Digital channels aren't going away, either.

Therefore, branch and digital channels will coexist with each other forever.

Optimizing the channel mix is an area of opportunity for fintechs to partner with banks. More on that in another blog post.


Comments: (14)

Ketharaman Swaminathan
Ketharaman Swaminathan - GTM360 Marketing Solutions - Pune 27 June, 2017, 11:25Be the first to give this comment the thumbs up 0 likes

Looks like branch and digital channels are not the only two old-new things that will coexist with each other. South Korea is widely acclaimed to be years ahead of the ROW in mobile payments. But it still has the highest ATM density in the world! (Source).

A Finextra member
A Finextra member 02 July, 2018, 11:45Be the first to give this comment the thumbs up 0 likes

A really good post ! However "forever" is a huge call, but by the time you are proven wrong neither of us will care ;o) 

Whilst there is a huge rise in the use of Video and things like chat/voice, I suspect the real transformation on online banking will be with 5G/IOT/Ai.

Ketharaman Swaminathan
Ketharaman Swaminathan - GTM360 Marketing Solutions - Pune 02 July, 2018, 15:59Be the first to give this comment the thumbs up 0 likes

iPhone X has come. Still plastic is alive and kicking. When people can get away with their prediction that iPhone 5 will kill plastic, I don't see much risk in predicting that branch and digital channels will coexist forever:).

A Finextra member
A Finextra member 02 July, 2018, 17:47Be the first to give this comment the thumbs up 0 likes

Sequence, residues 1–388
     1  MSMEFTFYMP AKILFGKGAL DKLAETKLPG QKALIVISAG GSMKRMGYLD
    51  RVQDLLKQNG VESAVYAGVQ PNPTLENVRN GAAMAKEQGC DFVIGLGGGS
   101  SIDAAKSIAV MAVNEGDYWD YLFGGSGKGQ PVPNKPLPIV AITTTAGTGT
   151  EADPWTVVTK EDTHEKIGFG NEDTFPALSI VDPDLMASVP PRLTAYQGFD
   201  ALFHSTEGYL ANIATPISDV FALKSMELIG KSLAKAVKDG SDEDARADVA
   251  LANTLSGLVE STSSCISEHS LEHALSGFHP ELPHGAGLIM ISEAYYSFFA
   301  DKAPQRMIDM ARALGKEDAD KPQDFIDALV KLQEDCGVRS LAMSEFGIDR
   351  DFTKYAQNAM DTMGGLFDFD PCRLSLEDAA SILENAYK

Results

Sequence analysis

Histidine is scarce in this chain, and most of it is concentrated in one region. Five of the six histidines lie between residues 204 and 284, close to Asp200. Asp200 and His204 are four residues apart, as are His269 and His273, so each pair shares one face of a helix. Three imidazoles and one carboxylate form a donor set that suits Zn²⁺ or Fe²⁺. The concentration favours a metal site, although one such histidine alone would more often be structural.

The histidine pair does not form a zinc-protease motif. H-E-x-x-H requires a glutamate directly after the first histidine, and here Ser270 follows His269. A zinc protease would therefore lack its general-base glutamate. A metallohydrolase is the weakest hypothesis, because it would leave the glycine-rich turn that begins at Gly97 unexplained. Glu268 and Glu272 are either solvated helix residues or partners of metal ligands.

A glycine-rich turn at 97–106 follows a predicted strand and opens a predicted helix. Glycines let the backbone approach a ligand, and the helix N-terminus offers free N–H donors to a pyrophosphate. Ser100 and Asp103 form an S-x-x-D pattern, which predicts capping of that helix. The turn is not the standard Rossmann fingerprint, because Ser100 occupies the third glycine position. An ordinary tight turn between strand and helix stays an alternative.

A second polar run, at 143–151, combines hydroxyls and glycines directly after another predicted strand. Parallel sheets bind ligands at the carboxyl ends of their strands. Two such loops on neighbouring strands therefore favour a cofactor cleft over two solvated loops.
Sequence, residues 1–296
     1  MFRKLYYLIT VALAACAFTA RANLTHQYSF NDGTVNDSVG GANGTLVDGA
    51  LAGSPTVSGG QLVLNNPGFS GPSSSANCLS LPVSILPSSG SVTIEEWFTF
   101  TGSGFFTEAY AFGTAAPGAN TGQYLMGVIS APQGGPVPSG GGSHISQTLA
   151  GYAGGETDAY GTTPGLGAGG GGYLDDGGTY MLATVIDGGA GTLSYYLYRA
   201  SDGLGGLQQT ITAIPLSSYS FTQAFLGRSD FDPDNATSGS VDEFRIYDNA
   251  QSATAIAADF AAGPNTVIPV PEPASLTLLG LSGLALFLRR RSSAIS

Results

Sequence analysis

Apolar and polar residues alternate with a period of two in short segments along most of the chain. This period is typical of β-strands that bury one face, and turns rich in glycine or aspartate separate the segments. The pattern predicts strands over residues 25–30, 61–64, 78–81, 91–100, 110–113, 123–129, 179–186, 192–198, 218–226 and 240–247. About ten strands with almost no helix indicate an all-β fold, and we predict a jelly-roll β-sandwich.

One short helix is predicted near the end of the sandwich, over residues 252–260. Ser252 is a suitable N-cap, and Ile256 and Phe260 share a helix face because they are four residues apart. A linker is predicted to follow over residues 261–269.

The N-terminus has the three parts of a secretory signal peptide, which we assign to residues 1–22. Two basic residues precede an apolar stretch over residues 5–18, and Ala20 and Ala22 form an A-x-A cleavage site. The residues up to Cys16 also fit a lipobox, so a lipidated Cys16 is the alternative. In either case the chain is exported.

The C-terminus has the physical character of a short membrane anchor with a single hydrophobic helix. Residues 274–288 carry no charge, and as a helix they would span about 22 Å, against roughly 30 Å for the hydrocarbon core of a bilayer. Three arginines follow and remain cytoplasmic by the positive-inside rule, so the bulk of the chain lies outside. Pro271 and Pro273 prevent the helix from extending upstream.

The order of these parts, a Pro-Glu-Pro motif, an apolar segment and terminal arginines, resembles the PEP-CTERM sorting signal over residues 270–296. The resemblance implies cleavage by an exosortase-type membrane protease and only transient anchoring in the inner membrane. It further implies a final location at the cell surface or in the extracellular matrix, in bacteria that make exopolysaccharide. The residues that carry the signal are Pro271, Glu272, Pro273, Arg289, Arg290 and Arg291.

So cash will exist forever too?

Ketharaman Swaminathan
Ketharaman Swaminathan - GTM360 Marketing Solutions - Pune 02 July, 2018, 18:50Be the first to give this comment the thumbs up 0 likes

Nope. Cash will last only for 185 years.  

The Death Of Cash Is At Least 190 Years Away

Ketharaman Swaminathan
Ketharaman Swaminathan - GTM360 Marketing Solutions - Pune 04 July, 2018, 14:08Be the first to give this comment the thumbs up 0 likes

Sigh I think I'll be proved wrong there. When digital payment-only new-age companies start accepting cash even in western markets after finding that 2/3rd of the world still uses cash regularly, cash probably won't go away in 185 years.

A Finextra member
A Finextra member 04 July, 2018, 14:52Be the first to give this comment the thumbs up 0 likes

Indeed. There was someone talking about the end of candles, another about the end of books, vinyl records,... I am sure..

A Finextra member